Gabriele D’Annunzio and the “Italian Donbass”

The context

The free territories of Fiume and Trieste may mean little today. However, they were two of the sovereign states that figured on the convulsive map of Europe in the 20th century. They had much in common, starting with their cultural, religious and even ethnic diversity, the result of their border reality, still alienated well into the century of cultural uniformity implanted by nationalism.

The two territories have a similar origin: an international agreement to recognize the specificity of two cities and their areas of influence on the Adriatic coast where Italians, Serbs, Slovaks and Croats formed heterogeneous communities dominated by a Latin majority.


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Gabriele d’Annunzio in front of the crowd in Fiume


A socio-cultural reality that repeated itself on the Istrian peninsula, where the entire western coast was dominated by a clear Italian majority until the middle of the century, and on the Dalmatian coast, in this case with an Italian minority and a Slavic diversity which was completed with the Montenegrins. .

After the First World War, the Treaty of Versailles granted the Kingdom of Italy the territories of the so-called Austrian Littoral, which included Istria and northern Dalmatia, insufficient concessions for the irredentist movement, supported by a burgeoning fascism.


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Ramon Alvarez

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This led the already popular poet Gabriele D’Annunzio in September 1919 to take the town of Fiume – today’s Rijeka – to annex it to Italy. An operation that took the Italian government and local authorities by surprise. At the head of an irregular force and with the support of Benito Mussolini, D’Annunzio takes the city and gives the speech that we offer to the crowd.

The proclaimed Italian regency of Carnaro lasted a mere 15 months during which the D’Annunzios ran a curious “poetic government” ruled by dispersed futurist, anarchist and fascist ideals, until the Kingdom of Italy and the Kingdom of Serbs, Croats and Slovenes sign the Treaty of Rapallo, which created the new independent state of Fiume or Rijeka in November 1920.

The poet, in front of his legionnaires in Fiume

The poet, in front of his legionnaires in Fiume

Although the first elections were won by the autonomists against the irredentist and fascist bloc, Mussolini’s rise to power meant that in 1923 Fiume was occupied by the Italian army and incorporated into Italy.

Less turbulent was the history of the Free State of Trieste, created in 1947 by the United Nations Security Council, in this case under the Treaty of Paris. Italy had to cede to the newly created Yugoslavia the Dalmatian city of Zara – now Zadar -, most of Istria and Fiume, and recognize the sovereignty of the free territory of Trieste.

Interestingly, the new state was an early beneficiary of the Marshall Plan and its flag appears on early posters that were made to popularize the US-sponsored and funded stimulus package among citizens as the flag of its new foreign policy.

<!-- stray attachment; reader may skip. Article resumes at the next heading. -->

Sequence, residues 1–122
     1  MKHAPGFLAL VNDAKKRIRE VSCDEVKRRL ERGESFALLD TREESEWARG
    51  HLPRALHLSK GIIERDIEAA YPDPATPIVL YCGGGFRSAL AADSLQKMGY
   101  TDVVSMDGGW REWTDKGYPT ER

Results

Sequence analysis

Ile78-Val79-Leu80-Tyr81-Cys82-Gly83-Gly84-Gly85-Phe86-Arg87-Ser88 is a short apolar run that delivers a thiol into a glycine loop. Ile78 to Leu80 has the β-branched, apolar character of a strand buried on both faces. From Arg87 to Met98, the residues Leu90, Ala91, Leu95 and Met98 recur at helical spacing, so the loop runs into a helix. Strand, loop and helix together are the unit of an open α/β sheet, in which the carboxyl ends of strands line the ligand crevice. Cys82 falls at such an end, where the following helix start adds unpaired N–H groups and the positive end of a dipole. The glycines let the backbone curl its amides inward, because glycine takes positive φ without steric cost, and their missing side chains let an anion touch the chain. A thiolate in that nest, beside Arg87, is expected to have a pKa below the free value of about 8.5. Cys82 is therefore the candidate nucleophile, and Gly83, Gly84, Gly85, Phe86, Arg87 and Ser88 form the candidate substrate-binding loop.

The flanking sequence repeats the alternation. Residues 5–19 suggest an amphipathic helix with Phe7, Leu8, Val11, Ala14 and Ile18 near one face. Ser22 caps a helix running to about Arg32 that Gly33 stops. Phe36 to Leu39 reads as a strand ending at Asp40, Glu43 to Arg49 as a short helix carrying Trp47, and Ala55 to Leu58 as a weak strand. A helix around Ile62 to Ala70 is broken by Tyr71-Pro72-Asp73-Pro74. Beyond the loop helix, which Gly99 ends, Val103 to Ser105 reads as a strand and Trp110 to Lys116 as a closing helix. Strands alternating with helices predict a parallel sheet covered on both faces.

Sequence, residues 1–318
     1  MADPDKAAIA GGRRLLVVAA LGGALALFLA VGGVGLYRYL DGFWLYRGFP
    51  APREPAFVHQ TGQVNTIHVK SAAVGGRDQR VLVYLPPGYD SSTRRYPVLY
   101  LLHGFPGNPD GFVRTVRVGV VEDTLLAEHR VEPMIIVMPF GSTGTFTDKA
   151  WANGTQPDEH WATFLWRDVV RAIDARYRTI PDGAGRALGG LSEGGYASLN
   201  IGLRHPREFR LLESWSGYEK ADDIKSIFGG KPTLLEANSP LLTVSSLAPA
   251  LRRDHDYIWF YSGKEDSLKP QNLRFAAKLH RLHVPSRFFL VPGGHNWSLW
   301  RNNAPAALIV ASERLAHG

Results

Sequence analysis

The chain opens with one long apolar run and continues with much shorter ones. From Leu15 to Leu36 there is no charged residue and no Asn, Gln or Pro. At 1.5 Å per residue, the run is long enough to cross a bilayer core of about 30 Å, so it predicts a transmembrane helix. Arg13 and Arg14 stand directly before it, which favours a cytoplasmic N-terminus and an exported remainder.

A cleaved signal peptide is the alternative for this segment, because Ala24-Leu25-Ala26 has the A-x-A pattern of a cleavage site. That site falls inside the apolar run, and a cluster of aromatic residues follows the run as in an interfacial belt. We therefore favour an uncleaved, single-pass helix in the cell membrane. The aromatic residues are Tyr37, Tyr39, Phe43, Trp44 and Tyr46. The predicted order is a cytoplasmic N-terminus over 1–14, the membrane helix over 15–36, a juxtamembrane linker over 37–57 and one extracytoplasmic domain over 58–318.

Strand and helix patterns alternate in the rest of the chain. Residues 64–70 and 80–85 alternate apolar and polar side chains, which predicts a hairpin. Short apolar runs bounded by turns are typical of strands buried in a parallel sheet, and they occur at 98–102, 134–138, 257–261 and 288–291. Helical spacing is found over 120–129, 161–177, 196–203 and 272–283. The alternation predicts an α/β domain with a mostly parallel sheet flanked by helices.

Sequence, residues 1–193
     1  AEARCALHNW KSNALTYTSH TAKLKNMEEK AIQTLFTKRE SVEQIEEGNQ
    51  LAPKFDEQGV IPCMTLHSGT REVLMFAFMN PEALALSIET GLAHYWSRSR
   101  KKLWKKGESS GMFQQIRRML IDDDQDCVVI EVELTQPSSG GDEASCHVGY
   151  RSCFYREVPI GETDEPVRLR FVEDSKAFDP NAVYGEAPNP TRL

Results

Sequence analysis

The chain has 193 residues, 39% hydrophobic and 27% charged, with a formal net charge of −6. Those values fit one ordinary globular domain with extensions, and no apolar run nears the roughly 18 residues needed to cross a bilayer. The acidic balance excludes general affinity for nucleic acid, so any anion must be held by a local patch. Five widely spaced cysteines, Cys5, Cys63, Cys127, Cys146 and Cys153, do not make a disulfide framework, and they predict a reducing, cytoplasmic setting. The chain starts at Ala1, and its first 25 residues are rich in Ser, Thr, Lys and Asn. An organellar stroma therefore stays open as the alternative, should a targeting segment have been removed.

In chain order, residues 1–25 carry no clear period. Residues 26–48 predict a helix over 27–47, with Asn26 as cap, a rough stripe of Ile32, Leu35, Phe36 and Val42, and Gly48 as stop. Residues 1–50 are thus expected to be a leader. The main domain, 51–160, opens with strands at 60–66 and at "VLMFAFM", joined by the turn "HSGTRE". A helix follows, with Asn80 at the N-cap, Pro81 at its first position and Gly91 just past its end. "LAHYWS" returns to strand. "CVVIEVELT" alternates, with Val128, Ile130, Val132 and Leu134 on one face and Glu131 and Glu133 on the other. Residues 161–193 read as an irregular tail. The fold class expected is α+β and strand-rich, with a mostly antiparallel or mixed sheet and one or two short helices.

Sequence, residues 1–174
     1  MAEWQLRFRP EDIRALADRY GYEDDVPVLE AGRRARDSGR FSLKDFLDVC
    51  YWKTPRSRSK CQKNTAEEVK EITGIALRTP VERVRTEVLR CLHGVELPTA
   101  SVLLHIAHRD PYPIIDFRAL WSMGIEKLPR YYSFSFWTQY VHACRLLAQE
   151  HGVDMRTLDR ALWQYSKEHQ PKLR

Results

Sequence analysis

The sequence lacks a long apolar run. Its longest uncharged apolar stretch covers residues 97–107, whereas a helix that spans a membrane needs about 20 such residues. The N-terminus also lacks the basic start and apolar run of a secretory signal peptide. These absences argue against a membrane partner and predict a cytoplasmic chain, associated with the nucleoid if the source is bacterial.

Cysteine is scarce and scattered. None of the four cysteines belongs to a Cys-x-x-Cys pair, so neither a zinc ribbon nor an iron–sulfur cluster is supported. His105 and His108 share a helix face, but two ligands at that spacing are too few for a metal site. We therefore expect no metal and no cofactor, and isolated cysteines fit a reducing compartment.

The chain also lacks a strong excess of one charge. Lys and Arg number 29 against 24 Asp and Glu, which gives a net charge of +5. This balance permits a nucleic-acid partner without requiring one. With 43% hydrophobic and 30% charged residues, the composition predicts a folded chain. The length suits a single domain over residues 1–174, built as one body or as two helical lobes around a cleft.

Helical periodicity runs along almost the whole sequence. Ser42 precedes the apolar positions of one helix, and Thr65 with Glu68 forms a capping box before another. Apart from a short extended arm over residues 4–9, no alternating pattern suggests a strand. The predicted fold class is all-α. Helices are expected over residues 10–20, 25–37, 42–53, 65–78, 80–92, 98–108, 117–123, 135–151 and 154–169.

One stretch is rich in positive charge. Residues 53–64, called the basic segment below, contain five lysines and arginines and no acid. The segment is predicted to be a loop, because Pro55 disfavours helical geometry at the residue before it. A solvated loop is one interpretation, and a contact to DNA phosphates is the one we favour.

Marshal's Plan promotional poster, featuring the flag of the Free State of Trieste (blue with a pike)

Marshal’s Plan promotional poster, featuring the flag of the Free State of Trieste (blue with a pike)

Divided into two management zones, the Anglo-American and the Yugoslav, the two countries signed the London Memorandum in 1954 with the consent of the United States and the United Kingdom, which ceded the administration of their zones to both countries. Until then, the Italian was overseen by governors from the United States, United Kingdom and New Zealand.

Until 1977, the two areas retained their independence to fully integrate with Italy and Yugoslavia. Various Italian historians have denounced the harassment suffered by the population of Italian language and culture in the former Yugoslavia.

The speech

“Italians from Fiume!” In this crazy and vile world, Fiume is today the sign of freedom; In this mad and vile world, there is only one pure thing: Fiume is only a truth. Fiume is just love. Boom!

“Fiume is like a bright beacon shining in the middle of a sea of ​​abjection. In this pilgrimage of love, I have come to dissolve the vow promised last May to the people of Rome.

“Then the vast flag of the River Timavo, the flag which had covered the body of the Infante des Infantes, was unfurled upon the balustrade of the Capitol, and as the red band came to bathe in the fountain below, it was baptized with water from the Capitol and all the people cried out the omen.

“Then I threw in a long strip of black crepe, so that the flag would remain covered until Fiume was ours, but the wind struck it and lifted it as if to take away the mourning, and the whole town cried again at the omen.

“Today I show you this flag that I was going to deliver to Trieste. But before taking it to Trieste, I had to come to Fiume to dedicate it to your faith.

“After this act of renewed will, I declare: I am a soldier, I am a volunteer, I am disabled in war… I know that I interpret the will of all the healthy people of Italy by proclaiming the attachment of Fiume to the homeland . .”

Last deliveries

This piece corresponds to a series of content published by the vanguard which compiles some of the most relevant speeches of the 20th century from a historical point of view and with an informative spirit.


Ramon Alvarez


Ramon Alvarez


Ramon Alvarez


Ramon Alvarez


Ramon Alvarez

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